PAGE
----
How to convert LPs to disk form

  Stuartli 00:08 22 Aug 2005

This question is often raised in the forums and this excellent article may prove of assistance:

click here

  GaT7 00:23 22 Aug 2005

Stuartli, I followed your PSU link (from another thread) - the site rocks! There's a wealth of info, written in easy to understand, non-geeky language. Have bookmarked the site. Thanks : )) G

  Happy Soul 00:51 22 Aug 2005

Thanks Stuartli bookmarked the site. Thanks HS

  Kev.Ifty 01:24 22 Aug 2005


4 L8TA

  daba 22:03 22 Aug 2005

Before you all go out and buy a 'receiver'...

Pages 5-6 of the 'article' say that you cannot connect the turntable output directly to the PC 'line-in', and that you will have to have a 'receiver'.

By that he means you need a piece of kit that can take the signal from the turntable's pickup, apply RIAA equalisation and boost the signal to the level required by the PC input jack socket. This piece of kit is called a pre-amplifier, or pre-amp for short.

In many cases (particularly in recent years since the down-turn in sales of hi-fi's and 'music centres' that incorporate a turntable), manufacturers have often NOT provided a means of connecting a turntable directly into the system. Those that offer a turntable often use an AUX input on their system boxes for the connection of the turntable. Now an AUX (auxiliary) input is generally accepted as being an input driven by a pre-amp, and could be used for connecting say a Games Machine, an external tape deck, the telly, the DVD player under the telly, the Sky box, etc. etc.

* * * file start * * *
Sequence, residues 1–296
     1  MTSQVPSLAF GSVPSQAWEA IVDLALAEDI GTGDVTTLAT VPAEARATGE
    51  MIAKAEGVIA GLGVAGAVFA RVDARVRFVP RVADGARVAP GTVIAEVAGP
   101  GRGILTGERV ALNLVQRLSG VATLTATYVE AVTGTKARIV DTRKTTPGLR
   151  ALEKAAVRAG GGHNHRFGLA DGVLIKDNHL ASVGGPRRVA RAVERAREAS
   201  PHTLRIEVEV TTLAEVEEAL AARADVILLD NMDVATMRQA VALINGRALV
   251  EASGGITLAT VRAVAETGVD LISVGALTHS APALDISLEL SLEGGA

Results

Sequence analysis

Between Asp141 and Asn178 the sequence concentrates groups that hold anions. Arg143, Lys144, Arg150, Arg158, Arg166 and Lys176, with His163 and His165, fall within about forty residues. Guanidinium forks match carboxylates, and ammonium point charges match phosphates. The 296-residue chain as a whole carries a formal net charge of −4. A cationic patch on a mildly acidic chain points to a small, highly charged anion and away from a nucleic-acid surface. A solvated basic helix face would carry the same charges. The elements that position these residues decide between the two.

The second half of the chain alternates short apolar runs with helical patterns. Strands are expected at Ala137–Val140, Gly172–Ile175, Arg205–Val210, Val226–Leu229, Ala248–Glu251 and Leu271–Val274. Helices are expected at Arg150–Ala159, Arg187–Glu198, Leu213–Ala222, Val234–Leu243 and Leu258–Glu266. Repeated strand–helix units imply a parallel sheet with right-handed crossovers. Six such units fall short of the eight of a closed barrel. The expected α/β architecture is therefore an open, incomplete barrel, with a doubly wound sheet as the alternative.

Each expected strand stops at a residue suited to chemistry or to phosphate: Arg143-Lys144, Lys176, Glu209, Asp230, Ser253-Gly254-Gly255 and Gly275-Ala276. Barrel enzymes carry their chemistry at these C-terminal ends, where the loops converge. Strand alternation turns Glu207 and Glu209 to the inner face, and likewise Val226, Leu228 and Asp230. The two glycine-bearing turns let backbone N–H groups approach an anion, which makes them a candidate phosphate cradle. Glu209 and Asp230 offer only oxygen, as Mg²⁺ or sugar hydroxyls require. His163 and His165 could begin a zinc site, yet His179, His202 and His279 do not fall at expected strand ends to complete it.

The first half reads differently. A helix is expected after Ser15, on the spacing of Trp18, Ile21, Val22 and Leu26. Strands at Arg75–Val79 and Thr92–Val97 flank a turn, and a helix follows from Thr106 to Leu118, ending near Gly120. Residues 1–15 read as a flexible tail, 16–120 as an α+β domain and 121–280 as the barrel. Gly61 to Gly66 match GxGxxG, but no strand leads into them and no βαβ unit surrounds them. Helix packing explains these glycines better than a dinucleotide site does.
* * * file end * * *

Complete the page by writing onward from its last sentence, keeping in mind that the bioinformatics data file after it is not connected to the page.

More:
This means that the turntable they supply with the hi-fi or music centre has already got the required pre-amp built in, and therefore the leads that connect to the main unit's AUX input are entirely suitable for connecting to the 'line-in' socket on your PC.

Many 'music centre' and hifi manufacturers have gone down this route in the past 5-8 years, and in fact I know of at least two manufacturers that use exactly the same turntable (although the outer skin is different to match the styling of the unit it is sold with).

In a nutshell, if you have a music centre/hi-fi with a turntable, check under the mat on the platter (the thing that goes round), and you may see a hole. Put the hole at 12 o'clock and there just might be a switch under the platter. This switch enables/disables the built-in pre-amp on the deck. If you have such a turntable with the switch then you CAN connect it directly to the PC line-in socket. You may need an adapter cable (like 2 phono socckets to 3.5 mm Jack Plug), but that is all

I am repeating info I posted in a previous thread, but I'm avoiding 'My Postings' as requested. When the 'ban' is lifted I could post the link....


  marty p 22:13 22 Aug 2005

if like me you dont have an upto date turntable you could do worse than try to get hold of clean plus which has a phono pre amp and softwear it was made by stienburg but i dont know who manufactures it now

  josie mayhem 22:54 22 Aug 2005

I have a new midi turn table, and another that is about 5-6 years old. And on the underneath is a switch to turn the pre-amp on and off.

I have this stright into my line-in on my sound blaster and I get perfect recordings, unless the LP needs a clean-up on it.

To over come the problem of the speaker connectors from the deck to amp/aux, I got a cople of rca extention blocks which I use to connect a 2-1 rca cable to my line in (connectors are available either from a music (kit) shop or from any specialist telly/audio shop))

A total cost of less than a tenner if you discount software and deck. But the deck cost under £50

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